Siria's Reviews > The Silk Roads: A New History of the World

The Silk Roads by Peter Frankopan
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bookshelves: nonfiction, history, world-history

The Silk Roads is part of the genre of popular history books that purports to tell the history of the world through one particular theme or from one particular vantage point, and is better than most of them. Peter Frankopan is a trained historian, and so knows how to synthesise a great deal of information from cultures across Asia and Europe and the span of several centuries in a nuanced manner. As an example of a sweeping chronicle, there's much to admire here. The author knows how to keep a narrative moving at a brisk pace and when to throw in the occasional wry aside, which also helps the reader to move quickly through such a thick book. Frankopan's main point—that central Asia is far more central to world history than is popularly thought or than most Western textbooks teach—is well-made, if not exactly new. I found the early chapters of this book particularly engrossing, as Frankopan—a Byzantinist—is clearly most at home in those centuries.

Sadly, as the book progressed, I got a little more dissatisfied with it. Once the European Age of Exploration begins, the focus shifts so that we get more of a sense of how imperialist powers used Asia to fight their battles than anything else. This is, of course, an important story, and I learned some new things about British, French, and Russian involvement in Iran and Iraq to appal and depress me. But what I didn't get much of a sense of was the voices of those who lived in those regions and the reactions which they had to the forces swirling around their homes. Nor did I get a sense of the interactions between central Asia and the world to the south and east of it. There's little about China and nothing about, say, the Swahili coast. This serves to subtly, and I am sure unintentionally, reinforce the idea that the history of central Asia is important inasmuch as it helps to contextualise things that happened in the West. This may well be a function of the secondary scholarship on which Frankopan is drawing as he moves further and further from his areas of expertise, but it's a shame.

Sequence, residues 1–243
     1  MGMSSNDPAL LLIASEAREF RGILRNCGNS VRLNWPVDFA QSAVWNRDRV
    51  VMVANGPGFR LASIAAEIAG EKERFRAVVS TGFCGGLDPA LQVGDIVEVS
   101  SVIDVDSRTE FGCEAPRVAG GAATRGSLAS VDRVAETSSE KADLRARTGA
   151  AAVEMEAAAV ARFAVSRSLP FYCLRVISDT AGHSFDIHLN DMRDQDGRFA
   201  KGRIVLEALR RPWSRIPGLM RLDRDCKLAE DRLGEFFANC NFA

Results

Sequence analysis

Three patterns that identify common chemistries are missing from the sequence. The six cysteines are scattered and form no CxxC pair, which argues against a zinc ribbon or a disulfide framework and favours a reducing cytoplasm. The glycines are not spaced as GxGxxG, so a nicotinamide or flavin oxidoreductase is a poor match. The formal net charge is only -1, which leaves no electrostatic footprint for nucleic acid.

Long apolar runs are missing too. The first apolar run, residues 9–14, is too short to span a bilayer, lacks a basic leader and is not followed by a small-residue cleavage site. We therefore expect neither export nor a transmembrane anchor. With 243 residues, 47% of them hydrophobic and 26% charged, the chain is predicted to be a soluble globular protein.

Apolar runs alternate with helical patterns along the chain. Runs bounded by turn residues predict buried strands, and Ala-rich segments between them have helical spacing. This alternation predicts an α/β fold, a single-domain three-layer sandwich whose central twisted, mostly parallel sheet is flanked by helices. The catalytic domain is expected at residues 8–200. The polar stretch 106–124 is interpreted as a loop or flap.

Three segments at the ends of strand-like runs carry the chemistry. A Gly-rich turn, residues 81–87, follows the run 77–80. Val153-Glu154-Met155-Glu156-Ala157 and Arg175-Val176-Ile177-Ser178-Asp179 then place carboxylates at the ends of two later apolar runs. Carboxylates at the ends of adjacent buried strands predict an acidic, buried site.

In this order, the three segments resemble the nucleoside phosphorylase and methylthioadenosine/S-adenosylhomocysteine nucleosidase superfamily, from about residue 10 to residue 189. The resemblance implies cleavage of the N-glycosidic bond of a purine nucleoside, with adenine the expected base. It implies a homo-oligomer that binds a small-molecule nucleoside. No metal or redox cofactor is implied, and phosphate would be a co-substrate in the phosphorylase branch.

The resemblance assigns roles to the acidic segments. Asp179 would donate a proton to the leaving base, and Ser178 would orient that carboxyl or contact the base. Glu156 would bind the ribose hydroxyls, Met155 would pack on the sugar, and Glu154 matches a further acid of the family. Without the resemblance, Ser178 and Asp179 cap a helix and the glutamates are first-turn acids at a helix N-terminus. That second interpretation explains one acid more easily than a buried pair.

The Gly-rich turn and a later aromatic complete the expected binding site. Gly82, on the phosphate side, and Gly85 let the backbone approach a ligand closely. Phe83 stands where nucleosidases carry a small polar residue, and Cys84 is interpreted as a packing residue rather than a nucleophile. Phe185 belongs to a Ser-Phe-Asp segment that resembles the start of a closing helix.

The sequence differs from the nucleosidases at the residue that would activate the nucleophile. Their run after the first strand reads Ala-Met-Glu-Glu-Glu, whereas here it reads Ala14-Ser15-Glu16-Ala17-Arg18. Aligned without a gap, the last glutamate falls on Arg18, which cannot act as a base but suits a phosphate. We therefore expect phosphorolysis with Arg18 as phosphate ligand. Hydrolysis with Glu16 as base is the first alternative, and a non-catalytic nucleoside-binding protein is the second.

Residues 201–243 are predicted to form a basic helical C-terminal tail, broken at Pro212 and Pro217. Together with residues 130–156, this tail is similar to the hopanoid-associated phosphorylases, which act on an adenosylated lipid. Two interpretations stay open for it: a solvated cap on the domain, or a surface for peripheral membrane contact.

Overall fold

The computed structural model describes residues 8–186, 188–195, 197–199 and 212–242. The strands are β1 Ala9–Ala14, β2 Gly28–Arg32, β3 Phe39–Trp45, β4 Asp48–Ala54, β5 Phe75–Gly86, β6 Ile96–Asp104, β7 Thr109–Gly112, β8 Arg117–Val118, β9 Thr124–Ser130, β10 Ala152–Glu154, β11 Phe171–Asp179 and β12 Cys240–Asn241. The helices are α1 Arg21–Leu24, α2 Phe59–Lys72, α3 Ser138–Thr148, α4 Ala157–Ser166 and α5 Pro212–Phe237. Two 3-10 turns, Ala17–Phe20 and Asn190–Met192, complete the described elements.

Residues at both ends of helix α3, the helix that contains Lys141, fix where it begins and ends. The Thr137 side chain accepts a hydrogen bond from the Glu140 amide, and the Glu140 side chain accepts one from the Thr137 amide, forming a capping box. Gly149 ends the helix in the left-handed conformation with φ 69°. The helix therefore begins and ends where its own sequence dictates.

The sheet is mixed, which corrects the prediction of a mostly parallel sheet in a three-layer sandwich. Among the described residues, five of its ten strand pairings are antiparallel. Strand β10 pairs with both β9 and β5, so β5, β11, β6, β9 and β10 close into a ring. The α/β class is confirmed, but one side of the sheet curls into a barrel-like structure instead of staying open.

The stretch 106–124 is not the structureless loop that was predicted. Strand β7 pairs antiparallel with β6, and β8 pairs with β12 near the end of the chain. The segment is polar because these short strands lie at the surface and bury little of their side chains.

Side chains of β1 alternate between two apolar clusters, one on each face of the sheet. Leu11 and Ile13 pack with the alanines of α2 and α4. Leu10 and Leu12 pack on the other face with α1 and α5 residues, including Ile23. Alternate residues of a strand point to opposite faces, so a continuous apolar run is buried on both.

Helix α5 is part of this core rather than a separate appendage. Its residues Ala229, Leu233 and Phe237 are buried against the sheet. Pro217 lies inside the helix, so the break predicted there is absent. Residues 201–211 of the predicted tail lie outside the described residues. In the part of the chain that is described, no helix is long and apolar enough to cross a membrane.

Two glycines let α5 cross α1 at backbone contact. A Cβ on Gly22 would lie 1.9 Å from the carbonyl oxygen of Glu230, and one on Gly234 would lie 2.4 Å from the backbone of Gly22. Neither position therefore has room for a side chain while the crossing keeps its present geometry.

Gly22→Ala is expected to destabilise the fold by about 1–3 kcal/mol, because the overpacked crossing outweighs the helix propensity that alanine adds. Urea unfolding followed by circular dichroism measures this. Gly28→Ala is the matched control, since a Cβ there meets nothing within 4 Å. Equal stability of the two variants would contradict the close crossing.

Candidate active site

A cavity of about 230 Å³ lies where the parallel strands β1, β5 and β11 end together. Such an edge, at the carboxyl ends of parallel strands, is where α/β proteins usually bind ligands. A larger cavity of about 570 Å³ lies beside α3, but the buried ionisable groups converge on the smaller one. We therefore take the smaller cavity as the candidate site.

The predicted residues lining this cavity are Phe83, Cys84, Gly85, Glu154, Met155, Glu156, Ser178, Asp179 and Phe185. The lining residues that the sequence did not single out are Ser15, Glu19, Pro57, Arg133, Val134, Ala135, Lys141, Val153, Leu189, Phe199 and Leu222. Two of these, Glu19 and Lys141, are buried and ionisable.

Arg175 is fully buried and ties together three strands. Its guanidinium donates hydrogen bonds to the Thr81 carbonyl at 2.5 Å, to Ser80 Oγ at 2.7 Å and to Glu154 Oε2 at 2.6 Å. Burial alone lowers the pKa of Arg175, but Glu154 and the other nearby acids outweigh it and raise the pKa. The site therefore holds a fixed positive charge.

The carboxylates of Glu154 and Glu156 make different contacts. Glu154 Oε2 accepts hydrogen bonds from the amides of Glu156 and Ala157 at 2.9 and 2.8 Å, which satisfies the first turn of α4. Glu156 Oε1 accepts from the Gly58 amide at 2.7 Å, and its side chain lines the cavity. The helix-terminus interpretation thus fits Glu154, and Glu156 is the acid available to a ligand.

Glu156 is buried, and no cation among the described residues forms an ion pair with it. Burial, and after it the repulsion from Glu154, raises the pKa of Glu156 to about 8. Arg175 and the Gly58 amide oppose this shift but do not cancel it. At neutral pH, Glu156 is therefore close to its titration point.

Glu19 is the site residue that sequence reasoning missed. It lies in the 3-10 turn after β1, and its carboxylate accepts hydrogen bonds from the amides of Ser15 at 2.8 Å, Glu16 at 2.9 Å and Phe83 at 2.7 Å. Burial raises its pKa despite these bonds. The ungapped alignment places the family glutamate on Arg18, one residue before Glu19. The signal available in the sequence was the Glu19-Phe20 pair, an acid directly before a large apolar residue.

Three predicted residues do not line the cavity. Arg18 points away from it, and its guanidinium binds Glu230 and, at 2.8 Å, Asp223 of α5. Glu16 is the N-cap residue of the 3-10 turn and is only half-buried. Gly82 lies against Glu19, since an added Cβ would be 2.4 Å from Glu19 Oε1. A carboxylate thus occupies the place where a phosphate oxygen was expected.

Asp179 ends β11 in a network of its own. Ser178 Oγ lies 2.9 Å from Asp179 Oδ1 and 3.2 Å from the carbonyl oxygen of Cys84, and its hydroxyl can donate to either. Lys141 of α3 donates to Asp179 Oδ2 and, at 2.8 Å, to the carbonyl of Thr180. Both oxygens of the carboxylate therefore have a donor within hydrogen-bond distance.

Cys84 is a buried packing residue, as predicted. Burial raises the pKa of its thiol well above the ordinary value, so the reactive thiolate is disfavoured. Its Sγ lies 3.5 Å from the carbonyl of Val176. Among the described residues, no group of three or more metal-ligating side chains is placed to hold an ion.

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Reading Progress

June 7, 2016 – Started Reading
June 7, 2016 – Shelved
June 7, 2016 –
page 10
June 16, 2016 –
page 100
July 23, 2016 –
page 150
July 31, 2016 –
page 220
August 5, 2016 –
page 250
August 6, 2016 –
page 300
August 21, 2016 –
page 400
August 31, 2016 –
page 450
August 31, 2016 –
page 450
September 10, 2016 – Shelved as: nonfiction
September 10, 2016 – Shelved as: history
September 10, 2016 – Shelved as: world-history
September 10, 2016 – Finished Reading

Comments Showing 1-4 of 4 (4 new)

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message 1: by Douglas (new) - added it

Douglas Gorney I'm only on the second chapter, but am already getting a sense that is locus is really more west than east. His account of Roman ambitions in Asia and the birth of Byzantium, for instance, is populated by specific Emperors and generals, and alive with details of day-to-day life in a way his account of the Persian empire is not. I've never practiced Asian history, but I suspect--an entirely uninformed guess here--part of the problem may lie either in lack of access to primary accounts from the Middle East and Central Asia (possibly because they've not been as well preserved), or cultural differences in writing, i.e. journaling or correspondence.

message 2: by Douglas (new) - added it

Douglas Gorney His locus, not is locus.

And great review, by the way -- thanks.

BrokenTune Excellent review.

message 4: by Zoe (new)

Zoe Couldn't agree more!!

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